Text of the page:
The survival rate of more than 16,000 transplanted trees has reached 98 percent in this capital city of northwest China's Shaanxi Province thanks to "intravenous drip" that give trees extra nutrition and protection, the local gardening authority said Friday.
Workers with the municipal bureau of parks and woods of Xi'an have been hanging plastic bags or glass bottles filled with nutrition ingredients or pesticide on many of the 16,052 transplanted trees since October, Chen Xianzhang, vice head of the municipal bureau of parks and woods, told Xinhua.
The trees have been thriving and many are burgeoning in spring, said Chen, adding that the bureau will make the method a long-term practice.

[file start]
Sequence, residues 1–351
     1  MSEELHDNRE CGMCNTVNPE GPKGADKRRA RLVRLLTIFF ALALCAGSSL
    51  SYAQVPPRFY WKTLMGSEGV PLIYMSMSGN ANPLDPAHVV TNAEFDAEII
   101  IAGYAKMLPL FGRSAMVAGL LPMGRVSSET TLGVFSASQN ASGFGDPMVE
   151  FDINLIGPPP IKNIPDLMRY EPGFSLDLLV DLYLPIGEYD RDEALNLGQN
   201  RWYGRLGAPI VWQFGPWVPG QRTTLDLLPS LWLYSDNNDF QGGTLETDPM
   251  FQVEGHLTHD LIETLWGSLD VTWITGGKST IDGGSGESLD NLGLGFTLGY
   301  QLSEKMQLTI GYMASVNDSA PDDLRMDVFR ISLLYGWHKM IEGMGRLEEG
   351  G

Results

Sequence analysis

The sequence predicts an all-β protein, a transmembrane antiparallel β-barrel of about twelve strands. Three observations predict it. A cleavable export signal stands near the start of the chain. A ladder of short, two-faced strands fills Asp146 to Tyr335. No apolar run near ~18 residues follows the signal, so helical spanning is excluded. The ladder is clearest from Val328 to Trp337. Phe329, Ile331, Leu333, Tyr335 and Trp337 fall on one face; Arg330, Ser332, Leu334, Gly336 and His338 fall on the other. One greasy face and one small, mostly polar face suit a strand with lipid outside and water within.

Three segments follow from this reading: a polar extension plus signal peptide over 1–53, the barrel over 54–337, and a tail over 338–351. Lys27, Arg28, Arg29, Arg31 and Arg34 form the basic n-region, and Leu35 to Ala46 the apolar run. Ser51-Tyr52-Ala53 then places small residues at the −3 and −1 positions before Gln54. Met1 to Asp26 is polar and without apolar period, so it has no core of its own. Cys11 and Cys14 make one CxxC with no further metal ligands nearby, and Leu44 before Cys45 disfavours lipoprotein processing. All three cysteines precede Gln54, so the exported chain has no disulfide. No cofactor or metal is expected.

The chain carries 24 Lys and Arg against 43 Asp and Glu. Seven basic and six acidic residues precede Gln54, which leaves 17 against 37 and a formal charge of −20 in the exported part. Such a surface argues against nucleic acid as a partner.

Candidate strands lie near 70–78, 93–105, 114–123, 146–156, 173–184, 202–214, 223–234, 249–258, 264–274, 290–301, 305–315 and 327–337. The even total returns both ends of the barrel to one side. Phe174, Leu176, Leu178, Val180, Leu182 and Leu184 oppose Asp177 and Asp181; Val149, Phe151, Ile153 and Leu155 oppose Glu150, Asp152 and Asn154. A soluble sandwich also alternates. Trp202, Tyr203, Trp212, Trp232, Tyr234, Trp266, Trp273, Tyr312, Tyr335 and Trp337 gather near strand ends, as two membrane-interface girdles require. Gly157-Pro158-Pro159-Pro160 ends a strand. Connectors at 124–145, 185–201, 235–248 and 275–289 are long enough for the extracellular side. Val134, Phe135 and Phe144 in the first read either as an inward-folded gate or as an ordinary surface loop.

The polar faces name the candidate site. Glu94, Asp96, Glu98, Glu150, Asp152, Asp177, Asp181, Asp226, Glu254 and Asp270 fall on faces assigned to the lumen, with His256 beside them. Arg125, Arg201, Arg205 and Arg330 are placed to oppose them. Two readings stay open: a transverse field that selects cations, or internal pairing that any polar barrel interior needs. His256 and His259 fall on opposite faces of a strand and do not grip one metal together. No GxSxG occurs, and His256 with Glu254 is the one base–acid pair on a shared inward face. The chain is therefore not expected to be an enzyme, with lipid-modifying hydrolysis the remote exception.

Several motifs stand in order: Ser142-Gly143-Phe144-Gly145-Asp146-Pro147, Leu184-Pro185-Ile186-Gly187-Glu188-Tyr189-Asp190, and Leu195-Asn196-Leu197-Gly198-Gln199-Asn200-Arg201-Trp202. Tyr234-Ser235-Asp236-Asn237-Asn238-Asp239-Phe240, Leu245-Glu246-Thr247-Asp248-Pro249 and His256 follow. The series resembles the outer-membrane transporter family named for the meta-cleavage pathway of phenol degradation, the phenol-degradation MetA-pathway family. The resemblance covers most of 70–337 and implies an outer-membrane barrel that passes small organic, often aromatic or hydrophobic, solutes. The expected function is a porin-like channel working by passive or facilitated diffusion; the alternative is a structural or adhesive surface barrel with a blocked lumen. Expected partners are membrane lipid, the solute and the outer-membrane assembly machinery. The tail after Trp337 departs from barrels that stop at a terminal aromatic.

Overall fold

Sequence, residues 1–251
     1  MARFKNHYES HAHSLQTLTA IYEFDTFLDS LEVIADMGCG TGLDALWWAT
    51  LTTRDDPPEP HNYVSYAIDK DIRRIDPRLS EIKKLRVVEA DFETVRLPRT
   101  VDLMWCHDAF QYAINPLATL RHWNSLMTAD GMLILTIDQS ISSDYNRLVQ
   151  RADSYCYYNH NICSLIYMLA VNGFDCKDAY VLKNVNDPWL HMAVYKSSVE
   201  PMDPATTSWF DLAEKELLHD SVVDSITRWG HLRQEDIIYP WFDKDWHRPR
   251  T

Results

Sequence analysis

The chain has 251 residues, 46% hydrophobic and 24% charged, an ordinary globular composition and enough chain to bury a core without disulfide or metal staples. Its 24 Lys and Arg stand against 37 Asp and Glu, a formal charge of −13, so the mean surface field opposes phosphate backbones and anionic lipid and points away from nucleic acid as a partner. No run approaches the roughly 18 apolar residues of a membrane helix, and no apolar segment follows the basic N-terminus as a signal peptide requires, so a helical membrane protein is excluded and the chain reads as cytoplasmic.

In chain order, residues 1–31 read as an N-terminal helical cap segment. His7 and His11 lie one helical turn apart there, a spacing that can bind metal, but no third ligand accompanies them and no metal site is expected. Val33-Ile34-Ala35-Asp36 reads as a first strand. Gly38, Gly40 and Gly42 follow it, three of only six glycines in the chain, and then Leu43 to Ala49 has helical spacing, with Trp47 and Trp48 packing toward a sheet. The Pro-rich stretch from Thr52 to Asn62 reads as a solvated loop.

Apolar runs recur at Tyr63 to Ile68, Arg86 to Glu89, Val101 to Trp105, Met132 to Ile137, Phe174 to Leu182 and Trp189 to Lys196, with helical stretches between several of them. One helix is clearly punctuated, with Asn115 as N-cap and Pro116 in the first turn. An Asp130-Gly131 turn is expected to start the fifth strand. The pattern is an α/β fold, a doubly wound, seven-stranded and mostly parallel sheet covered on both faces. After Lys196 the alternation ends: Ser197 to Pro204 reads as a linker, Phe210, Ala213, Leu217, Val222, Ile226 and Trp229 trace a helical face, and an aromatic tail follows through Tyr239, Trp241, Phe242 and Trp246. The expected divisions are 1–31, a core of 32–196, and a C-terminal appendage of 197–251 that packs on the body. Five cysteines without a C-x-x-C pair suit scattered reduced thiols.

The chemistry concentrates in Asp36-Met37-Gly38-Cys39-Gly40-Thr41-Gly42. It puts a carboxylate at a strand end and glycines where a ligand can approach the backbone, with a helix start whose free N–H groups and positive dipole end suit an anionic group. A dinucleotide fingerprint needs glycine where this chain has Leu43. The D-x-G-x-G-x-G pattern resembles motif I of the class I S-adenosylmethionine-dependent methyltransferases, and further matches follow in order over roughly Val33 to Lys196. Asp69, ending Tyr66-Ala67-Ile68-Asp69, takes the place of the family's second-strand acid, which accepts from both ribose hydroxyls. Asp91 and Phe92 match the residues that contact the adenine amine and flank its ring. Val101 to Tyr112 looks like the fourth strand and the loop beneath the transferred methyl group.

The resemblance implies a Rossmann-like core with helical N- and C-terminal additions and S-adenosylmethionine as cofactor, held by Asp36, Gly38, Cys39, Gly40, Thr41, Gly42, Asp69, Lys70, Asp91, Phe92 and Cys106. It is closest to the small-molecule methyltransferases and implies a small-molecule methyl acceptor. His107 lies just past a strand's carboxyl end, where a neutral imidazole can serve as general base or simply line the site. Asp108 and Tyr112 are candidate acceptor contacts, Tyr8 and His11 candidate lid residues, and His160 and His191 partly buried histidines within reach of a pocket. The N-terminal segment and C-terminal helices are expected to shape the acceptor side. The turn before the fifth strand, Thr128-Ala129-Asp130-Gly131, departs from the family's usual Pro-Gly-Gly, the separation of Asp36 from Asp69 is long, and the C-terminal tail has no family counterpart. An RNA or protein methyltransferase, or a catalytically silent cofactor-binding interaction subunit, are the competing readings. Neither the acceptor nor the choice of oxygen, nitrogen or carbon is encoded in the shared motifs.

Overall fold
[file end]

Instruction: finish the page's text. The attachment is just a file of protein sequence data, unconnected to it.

"People were curious about the bags at first, saying the trees were treated like a patient," he said.
Xi'an has gradually removed trees of various species including paulownia, cherry, peach and locust trees from across the province in recent years to the city in an effort to add 4.86 million square kilometers of green area, according to Wei Wu, an official with the bureau.
The city collected trees from the countryside where dismantling or reconstruction projects were underway, or those left over in road widening projects. Many were purchased from forestry farms and nurseries, Wei said.
The municipal government plans to invest 460 million yuan (US$67.4 million) in the forestation campaign as of 2010, which is expected to help the city to win the title of "national forest city".
(Xinhua News Agency April 24, 2009)